ABSTRACT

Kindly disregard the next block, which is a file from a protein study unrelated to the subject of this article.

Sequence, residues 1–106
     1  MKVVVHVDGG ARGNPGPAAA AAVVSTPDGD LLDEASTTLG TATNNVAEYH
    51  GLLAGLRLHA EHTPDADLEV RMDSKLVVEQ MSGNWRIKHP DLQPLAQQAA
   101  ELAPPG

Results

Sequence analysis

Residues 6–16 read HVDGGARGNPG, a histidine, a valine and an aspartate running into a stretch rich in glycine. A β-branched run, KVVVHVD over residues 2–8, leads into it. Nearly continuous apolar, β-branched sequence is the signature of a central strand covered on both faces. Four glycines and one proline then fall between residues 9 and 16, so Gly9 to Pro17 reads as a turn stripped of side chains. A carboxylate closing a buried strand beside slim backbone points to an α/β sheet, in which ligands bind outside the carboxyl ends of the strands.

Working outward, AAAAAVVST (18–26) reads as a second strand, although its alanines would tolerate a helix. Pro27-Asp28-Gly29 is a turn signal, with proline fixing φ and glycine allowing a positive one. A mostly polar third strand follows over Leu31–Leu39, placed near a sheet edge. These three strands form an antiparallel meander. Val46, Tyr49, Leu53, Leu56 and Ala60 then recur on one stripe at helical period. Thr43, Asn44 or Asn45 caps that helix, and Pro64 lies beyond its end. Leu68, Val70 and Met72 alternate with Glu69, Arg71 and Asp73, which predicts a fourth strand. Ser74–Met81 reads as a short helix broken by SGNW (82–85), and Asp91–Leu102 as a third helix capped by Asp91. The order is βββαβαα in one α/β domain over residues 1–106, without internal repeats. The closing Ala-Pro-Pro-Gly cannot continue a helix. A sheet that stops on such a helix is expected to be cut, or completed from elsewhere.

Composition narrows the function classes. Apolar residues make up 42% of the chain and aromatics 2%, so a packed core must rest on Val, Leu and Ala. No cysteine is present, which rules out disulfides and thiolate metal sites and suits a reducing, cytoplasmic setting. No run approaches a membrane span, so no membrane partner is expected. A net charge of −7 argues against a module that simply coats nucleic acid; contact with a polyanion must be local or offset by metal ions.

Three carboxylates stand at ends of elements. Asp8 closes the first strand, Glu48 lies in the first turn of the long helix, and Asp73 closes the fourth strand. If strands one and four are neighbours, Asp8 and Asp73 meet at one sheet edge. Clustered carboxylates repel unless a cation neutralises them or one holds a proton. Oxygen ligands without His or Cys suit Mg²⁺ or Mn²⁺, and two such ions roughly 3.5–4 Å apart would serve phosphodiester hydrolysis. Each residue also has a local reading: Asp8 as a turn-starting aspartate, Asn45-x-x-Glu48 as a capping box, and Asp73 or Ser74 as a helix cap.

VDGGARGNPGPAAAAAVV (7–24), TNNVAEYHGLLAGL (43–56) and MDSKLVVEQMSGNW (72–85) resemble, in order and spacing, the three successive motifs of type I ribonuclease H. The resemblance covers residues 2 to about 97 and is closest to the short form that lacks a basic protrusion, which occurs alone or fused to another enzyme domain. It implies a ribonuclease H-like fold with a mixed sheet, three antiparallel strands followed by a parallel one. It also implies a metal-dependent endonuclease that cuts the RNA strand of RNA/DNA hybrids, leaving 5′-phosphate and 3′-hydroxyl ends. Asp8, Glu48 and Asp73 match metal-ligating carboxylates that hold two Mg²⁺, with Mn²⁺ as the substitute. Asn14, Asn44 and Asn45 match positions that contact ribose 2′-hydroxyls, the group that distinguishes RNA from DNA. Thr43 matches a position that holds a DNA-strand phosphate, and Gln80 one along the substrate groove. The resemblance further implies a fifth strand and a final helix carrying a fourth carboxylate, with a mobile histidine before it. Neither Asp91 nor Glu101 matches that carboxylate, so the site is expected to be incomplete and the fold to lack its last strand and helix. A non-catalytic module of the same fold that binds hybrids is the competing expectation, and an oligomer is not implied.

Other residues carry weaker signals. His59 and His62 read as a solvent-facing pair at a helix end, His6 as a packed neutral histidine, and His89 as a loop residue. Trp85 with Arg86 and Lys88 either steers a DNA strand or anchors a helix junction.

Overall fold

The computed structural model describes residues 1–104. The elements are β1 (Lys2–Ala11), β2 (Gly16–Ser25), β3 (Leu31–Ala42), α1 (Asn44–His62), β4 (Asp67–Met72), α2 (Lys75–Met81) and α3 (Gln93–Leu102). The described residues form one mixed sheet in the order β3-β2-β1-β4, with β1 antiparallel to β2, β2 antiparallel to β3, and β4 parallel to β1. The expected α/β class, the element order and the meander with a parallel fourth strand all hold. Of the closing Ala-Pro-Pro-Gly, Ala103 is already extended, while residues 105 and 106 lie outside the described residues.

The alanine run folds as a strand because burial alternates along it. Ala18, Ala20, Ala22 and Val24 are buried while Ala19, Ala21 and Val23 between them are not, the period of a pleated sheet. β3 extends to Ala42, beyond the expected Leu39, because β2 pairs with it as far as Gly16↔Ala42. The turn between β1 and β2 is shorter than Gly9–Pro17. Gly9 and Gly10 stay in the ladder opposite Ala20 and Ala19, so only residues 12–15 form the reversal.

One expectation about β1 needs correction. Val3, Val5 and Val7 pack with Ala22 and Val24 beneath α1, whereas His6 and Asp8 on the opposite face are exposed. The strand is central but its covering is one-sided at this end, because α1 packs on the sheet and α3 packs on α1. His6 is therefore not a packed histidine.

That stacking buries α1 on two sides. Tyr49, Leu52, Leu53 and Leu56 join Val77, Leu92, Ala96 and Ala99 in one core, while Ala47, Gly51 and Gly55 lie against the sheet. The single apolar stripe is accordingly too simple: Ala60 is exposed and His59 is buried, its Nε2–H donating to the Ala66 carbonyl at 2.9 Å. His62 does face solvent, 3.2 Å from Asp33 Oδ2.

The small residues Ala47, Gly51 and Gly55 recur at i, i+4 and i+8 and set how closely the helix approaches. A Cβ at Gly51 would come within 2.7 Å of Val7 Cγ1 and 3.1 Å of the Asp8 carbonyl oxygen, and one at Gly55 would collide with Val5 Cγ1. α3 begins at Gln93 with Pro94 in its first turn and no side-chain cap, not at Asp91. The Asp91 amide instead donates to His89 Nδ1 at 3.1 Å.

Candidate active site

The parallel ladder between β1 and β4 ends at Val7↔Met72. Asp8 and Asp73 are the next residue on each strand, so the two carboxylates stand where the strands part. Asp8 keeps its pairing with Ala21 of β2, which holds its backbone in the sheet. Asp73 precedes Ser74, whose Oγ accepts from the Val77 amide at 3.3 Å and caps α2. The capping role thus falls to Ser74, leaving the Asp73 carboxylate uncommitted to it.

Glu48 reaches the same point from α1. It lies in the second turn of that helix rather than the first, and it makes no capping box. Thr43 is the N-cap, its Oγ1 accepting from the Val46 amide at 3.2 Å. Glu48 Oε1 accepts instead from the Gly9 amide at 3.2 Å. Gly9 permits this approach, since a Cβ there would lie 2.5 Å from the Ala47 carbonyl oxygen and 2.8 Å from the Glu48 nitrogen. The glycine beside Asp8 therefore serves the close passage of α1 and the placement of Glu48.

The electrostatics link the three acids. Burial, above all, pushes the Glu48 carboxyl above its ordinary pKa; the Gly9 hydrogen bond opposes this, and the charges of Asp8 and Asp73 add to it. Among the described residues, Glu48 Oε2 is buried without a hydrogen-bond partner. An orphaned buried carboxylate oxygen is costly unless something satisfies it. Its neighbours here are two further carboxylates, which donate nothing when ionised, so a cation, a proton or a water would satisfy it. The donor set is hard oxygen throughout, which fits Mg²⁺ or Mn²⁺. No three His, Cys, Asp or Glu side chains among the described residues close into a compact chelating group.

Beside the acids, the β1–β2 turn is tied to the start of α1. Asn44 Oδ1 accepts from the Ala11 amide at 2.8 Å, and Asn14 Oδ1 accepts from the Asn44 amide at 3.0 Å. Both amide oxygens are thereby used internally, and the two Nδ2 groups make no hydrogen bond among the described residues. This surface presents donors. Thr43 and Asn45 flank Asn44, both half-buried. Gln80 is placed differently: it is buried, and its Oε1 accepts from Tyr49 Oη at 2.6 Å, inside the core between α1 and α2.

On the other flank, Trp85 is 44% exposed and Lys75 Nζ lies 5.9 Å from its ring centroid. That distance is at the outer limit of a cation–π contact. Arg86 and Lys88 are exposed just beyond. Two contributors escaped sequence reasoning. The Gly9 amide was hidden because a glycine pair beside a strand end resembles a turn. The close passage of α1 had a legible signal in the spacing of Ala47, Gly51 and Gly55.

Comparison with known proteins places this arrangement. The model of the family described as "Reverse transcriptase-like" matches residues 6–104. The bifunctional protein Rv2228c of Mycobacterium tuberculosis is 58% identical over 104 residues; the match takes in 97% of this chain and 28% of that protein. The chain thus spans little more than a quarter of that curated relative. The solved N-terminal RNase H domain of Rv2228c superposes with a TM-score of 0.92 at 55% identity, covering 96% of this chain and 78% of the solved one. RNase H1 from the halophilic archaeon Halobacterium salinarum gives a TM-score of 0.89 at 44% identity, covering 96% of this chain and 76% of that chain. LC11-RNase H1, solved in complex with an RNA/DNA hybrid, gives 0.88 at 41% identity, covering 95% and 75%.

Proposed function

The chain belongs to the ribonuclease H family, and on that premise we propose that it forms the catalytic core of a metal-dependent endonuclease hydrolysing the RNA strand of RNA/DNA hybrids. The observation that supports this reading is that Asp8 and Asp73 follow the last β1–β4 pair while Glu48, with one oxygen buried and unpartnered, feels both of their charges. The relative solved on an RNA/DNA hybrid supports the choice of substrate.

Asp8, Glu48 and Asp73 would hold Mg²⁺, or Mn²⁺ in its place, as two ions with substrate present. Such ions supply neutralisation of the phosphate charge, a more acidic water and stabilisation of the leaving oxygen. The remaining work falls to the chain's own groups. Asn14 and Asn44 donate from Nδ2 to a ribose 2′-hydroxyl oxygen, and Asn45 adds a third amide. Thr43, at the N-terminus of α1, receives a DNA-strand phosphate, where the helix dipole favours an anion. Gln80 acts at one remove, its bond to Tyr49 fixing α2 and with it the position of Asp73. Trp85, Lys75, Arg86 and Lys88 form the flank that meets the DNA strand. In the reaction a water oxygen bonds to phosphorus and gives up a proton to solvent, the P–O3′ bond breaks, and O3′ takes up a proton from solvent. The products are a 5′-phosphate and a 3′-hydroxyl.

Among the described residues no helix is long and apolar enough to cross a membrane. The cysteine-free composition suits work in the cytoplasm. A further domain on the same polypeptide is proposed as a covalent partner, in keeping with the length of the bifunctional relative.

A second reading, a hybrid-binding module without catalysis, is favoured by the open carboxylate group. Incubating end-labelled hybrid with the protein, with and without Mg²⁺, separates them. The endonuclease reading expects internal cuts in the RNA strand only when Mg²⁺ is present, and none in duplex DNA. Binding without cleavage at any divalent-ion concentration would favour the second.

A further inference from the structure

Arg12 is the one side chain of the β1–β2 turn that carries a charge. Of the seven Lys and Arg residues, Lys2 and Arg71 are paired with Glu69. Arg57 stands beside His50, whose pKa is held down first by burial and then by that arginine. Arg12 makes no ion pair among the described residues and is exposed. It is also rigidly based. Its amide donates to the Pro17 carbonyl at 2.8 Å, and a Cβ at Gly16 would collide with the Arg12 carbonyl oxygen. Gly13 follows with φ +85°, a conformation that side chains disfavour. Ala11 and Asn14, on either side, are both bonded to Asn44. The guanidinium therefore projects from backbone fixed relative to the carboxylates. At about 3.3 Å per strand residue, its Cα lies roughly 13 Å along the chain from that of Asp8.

The bourgeois political revolution was the culmination of a drawnout process of social changes in the sphere of production. Where the ascending capitalist class gained complete control of the state, this assured a rapid unfolding of the capital-labor relation. Feudalis ts resistance to this transformation varied in different countries. Though capitalism was on the rise generally, its gestation involved both force and compromise, characterized by an overlapping of the new and the old both politically and economically. The ruling classes divided into a reactionary and a progressive wing, the latter striving for political control through a democratic capitalist state. The division between an entrenched autocracy and the liberal bourgeoisie reflected the uneven pace of capitalist development and extended the internal distinctions between reaction and progress to the nations themselves and to their political institutions.